Epistemic Theories

Bishop's Encyclopedia of Religion, Society and Philosophy

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As large section of the philosophical branch of epistemology is the question of epistemic justification. Justification attempts to determine what grounds there are (or what justification there is) for one to hold to propositions and beliefs. In other words, justification specifically asks the question as to “How sure do we need to be that our beliefs correspond to the actual world?” So, typically epistemologists wish to determine the reasons behind why someone holds to a particular belief, why a particular belief a true one, and how one knows what one knows. For some, epistemic justification is a motivation to do philosophy. In an informative work I am reading on Bertrand Russell, Russell explains that he took interest in philosophy on the grounds that one could doubt nearly everything, including sense perception. Thus, Russell hoped that by engaging in philosophical thought he would be led to certainty for at least some…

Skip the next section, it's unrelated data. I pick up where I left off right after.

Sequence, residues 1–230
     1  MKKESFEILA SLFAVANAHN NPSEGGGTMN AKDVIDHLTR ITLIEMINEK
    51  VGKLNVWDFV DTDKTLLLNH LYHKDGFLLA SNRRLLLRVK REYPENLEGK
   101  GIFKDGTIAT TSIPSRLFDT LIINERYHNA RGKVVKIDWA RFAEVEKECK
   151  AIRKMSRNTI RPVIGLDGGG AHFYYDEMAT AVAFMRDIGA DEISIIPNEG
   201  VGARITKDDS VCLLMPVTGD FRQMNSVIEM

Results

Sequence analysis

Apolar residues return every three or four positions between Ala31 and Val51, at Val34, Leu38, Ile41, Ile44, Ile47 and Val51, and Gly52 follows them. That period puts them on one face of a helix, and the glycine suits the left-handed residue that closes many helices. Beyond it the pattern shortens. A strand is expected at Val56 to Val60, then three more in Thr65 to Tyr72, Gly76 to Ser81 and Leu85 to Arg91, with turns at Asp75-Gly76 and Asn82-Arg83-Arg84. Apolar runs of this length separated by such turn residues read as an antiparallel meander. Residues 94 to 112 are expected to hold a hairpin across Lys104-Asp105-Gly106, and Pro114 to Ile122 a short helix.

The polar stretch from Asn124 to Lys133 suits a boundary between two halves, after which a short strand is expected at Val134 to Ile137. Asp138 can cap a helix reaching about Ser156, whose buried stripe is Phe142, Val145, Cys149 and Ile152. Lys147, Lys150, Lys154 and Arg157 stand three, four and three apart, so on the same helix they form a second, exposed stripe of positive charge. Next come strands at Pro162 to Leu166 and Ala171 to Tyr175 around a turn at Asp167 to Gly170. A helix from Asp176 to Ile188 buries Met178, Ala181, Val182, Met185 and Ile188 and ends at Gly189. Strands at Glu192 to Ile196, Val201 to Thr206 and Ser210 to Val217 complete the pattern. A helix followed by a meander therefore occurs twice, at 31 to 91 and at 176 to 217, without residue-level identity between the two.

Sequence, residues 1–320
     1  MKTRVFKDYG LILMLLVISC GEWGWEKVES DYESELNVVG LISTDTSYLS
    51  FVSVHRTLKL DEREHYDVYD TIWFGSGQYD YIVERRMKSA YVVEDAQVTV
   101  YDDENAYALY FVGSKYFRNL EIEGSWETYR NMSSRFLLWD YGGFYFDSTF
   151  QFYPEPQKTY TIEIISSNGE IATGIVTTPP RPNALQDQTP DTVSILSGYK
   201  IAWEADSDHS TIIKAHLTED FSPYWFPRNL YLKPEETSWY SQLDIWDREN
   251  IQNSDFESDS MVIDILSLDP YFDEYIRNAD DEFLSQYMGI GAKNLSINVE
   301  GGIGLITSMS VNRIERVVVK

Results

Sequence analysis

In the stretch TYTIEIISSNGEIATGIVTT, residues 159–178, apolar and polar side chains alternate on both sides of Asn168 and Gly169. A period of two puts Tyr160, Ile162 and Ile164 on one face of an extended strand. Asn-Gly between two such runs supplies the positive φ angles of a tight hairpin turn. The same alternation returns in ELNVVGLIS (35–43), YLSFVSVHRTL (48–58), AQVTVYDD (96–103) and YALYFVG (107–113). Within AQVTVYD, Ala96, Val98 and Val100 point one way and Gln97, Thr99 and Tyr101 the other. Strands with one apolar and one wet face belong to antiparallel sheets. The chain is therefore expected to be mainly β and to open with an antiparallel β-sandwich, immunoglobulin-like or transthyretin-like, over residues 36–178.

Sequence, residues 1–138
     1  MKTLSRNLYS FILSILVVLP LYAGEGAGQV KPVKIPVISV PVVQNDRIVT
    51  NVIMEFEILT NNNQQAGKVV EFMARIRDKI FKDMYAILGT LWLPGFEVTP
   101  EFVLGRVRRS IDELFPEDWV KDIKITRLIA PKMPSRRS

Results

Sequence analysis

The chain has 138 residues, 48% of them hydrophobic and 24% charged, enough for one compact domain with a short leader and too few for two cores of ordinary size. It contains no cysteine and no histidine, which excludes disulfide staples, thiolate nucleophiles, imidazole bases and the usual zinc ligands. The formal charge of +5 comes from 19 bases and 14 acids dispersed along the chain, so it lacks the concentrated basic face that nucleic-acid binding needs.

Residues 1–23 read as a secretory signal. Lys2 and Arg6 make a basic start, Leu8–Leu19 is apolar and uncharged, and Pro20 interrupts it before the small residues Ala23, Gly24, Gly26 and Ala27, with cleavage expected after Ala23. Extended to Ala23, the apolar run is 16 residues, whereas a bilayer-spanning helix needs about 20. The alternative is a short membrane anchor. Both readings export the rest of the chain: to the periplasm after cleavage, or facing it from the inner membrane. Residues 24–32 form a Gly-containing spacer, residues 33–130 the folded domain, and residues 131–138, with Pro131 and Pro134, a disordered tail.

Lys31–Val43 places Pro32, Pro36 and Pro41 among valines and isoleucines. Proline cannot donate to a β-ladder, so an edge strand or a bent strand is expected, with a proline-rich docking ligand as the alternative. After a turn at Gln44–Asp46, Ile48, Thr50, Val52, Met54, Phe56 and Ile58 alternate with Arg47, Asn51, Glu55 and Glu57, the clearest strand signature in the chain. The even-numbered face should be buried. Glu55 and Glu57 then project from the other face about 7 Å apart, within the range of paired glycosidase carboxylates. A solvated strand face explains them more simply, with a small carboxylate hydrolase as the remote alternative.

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About jamesbradfordpate

My name is James Pate. This blog is about my journey. I read books. I watch movies and TV shows. I go to church. I try to find meaning. And, when I can’t do that, I just talk about stuff that I find interesting. I have degrees in fields of religious studies. I have an M.Phil. in the History of Biblical Interpretation from Hebrew Union College in Cincinnati, Ohio. I also have an M.A. in Hebrew Bible from Jewish Theological Seminary, an M.Div. from Harvard Divinity School, and a B.A. from DePauw University.
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